August 14, 2012 by Erin
From 2006-2011, I was a proud employee of Delta Airlines. My mama just had her 14th anniversary with Delta, and my big brother did a stint as a ramp agent in college, so it’s about the closest thing we have to a family business. (Other than being right. And awesome.) I loved working for Delta. The airport was such a fun environment, my coworkers were AWESOME, and passengers were easy enough to deal with … most of the time. Let’s just say some people get, um, hostile when they’re traveling. It’s alright though. At some point in her life, every woman needs to be called an ugly **** **** for no apparent reason, right? Character building.
But I noticed a phenomenon that affects more than just the irates. (Did you know airline employees use irate as a noun referring to screaming passengers? As in, “Did you hear that irate over at B9?” FYI, if you make a scene in the airport, you will be laughed at in the break room.) Somehow, travelers forget altogether that the moving thing behind the counter is a person. I always felt like when I put the uniform on, I became part of the furniture. People would literally trip over me and not say a word. Here’s how it felt:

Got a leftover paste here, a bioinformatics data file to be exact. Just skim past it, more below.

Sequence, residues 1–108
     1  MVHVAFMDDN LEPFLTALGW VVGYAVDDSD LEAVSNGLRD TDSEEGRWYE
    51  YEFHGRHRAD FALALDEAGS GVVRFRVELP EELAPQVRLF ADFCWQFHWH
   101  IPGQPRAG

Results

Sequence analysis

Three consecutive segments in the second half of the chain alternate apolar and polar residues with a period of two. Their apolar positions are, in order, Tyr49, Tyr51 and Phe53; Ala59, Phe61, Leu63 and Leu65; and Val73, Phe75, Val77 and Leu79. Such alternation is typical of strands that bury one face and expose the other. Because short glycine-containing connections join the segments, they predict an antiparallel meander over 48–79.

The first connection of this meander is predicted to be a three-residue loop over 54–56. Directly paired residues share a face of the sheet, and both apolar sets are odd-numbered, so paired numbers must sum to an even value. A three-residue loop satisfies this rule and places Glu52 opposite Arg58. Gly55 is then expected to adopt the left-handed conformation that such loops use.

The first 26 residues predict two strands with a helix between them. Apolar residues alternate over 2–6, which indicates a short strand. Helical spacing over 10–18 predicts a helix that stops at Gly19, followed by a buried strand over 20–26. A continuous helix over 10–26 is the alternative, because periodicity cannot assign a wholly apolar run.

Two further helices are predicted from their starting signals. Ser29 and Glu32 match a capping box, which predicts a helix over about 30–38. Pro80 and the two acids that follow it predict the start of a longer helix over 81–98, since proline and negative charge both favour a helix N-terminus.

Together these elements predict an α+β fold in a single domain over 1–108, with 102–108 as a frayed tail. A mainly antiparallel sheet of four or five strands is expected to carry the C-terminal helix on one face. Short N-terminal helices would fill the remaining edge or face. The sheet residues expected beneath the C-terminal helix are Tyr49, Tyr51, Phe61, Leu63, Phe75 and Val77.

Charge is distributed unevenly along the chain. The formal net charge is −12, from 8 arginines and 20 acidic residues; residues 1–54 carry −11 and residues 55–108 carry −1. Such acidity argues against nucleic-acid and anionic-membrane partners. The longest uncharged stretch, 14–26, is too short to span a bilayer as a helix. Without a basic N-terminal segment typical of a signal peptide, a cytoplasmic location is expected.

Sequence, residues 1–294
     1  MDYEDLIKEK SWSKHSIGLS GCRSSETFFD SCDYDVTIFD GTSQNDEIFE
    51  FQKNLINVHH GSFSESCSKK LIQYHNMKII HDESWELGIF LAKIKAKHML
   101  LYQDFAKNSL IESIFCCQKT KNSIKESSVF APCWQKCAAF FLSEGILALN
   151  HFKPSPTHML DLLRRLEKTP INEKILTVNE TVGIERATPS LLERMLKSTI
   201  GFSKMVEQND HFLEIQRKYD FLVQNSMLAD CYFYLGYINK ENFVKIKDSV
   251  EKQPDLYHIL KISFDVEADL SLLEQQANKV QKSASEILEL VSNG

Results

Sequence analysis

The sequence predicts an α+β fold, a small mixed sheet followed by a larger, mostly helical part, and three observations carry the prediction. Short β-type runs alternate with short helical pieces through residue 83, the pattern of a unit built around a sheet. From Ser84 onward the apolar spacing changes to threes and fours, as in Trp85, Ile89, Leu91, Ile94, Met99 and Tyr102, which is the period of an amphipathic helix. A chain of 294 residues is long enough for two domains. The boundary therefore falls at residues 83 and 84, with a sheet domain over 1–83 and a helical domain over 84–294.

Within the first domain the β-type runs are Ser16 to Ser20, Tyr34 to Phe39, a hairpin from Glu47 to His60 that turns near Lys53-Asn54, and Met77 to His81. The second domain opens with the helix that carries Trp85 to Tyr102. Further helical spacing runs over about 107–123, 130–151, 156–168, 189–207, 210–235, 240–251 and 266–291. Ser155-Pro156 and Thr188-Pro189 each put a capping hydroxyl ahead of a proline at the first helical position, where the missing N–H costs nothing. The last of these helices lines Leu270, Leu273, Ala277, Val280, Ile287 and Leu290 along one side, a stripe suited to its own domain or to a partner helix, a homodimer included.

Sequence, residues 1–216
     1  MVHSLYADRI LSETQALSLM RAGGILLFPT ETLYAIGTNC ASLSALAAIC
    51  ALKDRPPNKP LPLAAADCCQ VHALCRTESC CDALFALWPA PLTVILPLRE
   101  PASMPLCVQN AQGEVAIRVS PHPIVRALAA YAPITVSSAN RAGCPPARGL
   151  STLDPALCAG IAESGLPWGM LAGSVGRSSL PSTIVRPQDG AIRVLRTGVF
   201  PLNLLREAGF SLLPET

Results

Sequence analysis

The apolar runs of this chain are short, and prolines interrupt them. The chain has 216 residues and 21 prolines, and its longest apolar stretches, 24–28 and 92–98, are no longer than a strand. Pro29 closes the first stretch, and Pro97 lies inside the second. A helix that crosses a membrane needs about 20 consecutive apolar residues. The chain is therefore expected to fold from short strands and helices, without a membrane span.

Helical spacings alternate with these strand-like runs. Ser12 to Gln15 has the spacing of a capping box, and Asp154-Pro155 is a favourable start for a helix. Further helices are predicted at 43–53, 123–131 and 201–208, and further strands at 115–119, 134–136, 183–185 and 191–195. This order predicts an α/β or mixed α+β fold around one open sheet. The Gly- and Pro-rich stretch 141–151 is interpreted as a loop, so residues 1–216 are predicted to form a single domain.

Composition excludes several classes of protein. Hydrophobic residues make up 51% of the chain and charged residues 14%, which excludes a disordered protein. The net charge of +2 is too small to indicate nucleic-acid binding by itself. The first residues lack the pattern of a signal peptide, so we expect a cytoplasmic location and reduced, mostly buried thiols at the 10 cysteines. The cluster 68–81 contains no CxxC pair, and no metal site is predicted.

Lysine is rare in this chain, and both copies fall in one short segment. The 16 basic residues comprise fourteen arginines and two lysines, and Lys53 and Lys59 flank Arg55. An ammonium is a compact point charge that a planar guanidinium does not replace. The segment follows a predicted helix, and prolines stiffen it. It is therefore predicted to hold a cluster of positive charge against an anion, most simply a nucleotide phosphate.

I’m not a person.
I’m a uniform. A navy blue uniform with silver accents.
(I mean “Delta blue.”)
Oh, and I have a face, but never mind that.
You don’t need to say “excuse me” as you pass,
Or look me in the eye as I
“Thank you for flying with us!”
After all, I’m the same color as the rest of the airport.
And your iPod really needs you.
So please, hover over me while I coordinate the forces of the universe to get your flight out on time.
It’s ok, because I’m
I’m a uniform.
And if you yell at me loud enough,
Or use the magic number of curse words,
I’ll tell you where your bag is.
“Appreciate your business!”
Because, after all those miles with us, you know anything blue is just
Part of the airport.
Disclaimer: Not all passengers are jerks, and I really do appreciate you flying Delta, especially if you happen to be a Diamond Medallion.
Moral: Be kind when you fly, and remember only God controls the weather.